I had to setup Google Authentication for an application of mine and couldn’t find a definite source to do that. These are the steps I had to follow to do this for an ASP.NET Core RC1 application using VS 2015.
I assume you will have a Google account to test this with, any will do.
Create a new project
Start by creating a new “ASP.NET 5” project.
Once ready, launch it and take note of it’s URL on your browser. Alternatively, check the Project properties and use the URL under Debug -> Web Server Settings -> App URL.
You will use this for the next step.
Setup a new Google OAuth 2.0 client ID
Open a new browser tab and navigate to the Google Developers Console
You will now create a new Project for your application.
Type an appropriate name for it and click Create.
After this, click “Use Google APIs” and enable the “Google+ API”.
Now click “Go to Credentials”.
Choose “Google+ API” and that you’ll be calling it from a Web Server for accessing User Data.
Name your client ID and add a redirect URI.
This will be the URL you are using in your ASP.NET project with an additional path, “signin-google”.
Leave the rest blank.
Click “Create client ID”.
Now, type in a Product Name and click Continue.
That’s it created. Click Done.
Now, open the newly created credentials and take note of the ClientId and ClientSecret strings.
These will be used soon.
Install the Google authentication assembly
Let’s go back to our VS project now.
In order to use Google authentication, you first need to install the “Microsoft.AspNet.Authentication.Google” assembly.
At this point in time there’s only a pre-release version. On your package manager console, type:
Install the Secret Manager
Microsoft provides a command line tool to manage what they call “User Secrets”.
These are the sort of things you don’t want to check into your source control system but want to use whilst in development - connection strings, AWS keys… or, in this case, our Google OAuth ID and Secret.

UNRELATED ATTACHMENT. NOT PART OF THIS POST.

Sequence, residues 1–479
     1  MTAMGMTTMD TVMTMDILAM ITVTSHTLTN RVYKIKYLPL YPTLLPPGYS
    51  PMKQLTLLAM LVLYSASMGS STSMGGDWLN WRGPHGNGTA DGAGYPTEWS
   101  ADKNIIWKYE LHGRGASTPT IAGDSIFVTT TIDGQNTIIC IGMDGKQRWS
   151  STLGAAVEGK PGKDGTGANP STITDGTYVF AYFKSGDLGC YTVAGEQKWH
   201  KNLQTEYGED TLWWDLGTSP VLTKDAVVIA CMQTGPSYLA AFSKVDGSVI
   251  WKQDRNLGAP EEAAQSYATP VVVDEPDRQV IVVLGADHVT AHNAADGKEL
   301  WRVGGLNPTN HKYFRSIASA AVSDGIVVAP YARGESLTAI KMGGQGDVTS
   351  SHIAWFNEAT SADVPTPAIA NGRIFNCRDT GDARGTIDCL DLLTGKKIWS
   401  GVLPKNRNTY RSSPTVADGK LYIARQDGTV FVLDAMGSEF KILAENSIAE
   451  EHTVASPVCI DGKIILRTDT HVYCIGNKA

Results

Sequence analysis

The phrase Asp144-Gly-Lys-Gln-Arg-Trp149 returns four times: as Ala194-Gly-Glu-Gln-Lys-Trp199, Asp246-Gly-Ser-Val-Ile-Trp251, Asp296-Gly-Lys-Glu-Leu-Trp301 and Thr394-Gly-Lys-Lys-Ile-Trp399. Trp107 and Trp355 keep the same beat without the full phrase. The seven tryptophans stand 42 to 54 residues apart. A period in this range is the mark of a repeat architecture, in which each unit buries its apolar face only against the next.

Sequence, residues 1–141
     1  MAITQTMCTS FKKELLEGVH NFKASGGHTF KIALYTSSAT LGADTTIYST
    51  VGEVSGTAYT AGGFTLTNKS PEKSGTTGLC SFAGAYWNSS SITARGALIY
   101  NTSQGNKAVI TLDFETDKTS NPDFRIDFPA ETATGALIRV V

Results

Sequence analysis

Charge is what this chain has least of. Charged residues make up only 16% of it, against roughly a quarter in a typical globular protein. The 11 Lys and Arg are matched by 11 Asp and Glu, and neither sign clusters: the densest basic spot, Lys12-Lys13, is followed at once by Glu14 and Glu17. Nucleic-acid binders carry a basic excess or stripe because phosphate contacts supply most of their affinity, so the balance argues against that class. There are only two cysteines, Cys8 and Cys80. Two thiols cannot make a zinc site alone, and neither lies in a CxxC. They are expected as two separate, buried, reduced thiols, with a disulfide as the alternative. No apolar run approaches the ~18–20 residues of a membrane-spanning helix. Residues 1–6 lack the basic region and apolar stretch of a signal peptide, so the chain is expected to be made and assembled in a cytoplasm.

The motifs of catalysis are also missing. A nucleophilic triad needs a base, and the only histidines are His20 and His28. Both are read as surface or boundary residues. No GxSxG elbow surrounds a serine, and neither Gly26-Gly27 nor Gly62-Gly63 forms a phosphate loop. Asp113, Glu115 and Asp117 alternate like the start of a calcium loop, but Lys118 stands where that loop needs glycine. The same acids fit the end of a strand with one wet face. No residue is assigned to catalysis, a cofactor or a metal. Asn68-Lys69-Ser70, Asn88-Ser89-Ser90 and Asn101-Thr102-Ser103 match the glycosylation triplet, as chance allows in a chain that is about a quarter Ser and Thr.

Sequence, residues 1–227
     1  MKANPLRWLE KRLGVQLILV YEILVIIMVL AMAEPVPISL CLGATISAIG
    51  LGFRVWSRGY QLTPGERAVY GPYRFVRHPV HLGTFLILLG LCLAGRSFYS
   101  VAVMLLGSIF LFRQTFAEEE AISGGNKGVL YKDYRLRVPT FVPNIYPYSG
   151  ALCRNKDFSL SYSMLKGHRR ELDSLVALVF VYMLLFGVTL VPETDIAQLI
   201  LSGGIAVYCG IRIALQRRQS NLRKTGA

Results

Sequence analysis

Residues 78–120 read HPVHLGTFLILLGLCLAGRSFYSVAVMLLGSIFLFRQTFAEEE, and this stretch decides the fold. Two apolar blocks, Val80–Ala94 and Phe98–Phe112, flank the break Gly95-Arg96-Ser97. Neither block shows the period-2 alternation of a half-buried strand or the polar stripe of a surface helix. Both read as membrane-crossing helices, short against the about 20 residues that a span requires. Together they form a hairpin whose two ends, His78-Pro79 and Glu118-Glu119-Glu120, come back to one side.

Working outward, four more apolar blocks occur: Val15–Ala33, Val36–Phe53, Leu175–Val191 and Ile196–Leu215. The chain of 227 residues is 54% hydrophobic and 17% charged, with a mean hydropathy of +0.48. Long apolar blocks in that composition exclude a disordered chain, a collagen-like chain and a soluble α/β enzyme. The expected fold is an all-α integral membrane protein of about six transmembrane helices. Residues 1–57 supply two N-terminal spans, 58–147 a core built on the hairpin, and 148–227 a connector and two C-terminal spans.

Instead of putting this data next to the repository, these go into a file under your Users folder and ASP.NET Core will fetch them for you when starting up your project - the AddUserSecrets call you see on our ConfigurationBuilder instance of your Startup class registers the use of this configuration file.
Before you install this utility, you need to make sure your environment is setup properly.
Open a command line and type ‘dnx’.
If the command isn’t recognized, navigate to where your DXN runtime is installed and update your environment.
Please note that the path below applies to my system at this point in time, but in your machine please check the runtimes you have installed and ‘cd’ to the appropriate one.
Hopefully your environment should be OK and now you can install the user-secret tool. Type:
To give it a try, type ‘user-secret’. The command should be recognized and list the available options.
Configure your User Secret
From the command line, navigate to the /src folder of your new application - where your project.json file is located.
Using your Google ClientId and ClientSecret created above, run:
If all went well, you should now have a “secrets.json” file in a folder for your application under “%APPDATA%\microsoft\UserSecrets" containing the two keys above.
The remaining step now, then, is configuring the application to use this.
Enable Google Authentication in your application
Open your Startup.cs.
Just after the Identity middleware, place:
Notice how your code is not using the Id and Secret directly - these will be extracted from your “secrets.json” file and offered to the application from your Configuration instance.
Try it out
Launch your application and navigate to the Login page. You will notice a “Google” button under “Use another service to log in.”
Click on it and you should be taken to Google’s consent screen:
Allow the request - you’ve now been authenticated in your application using Google.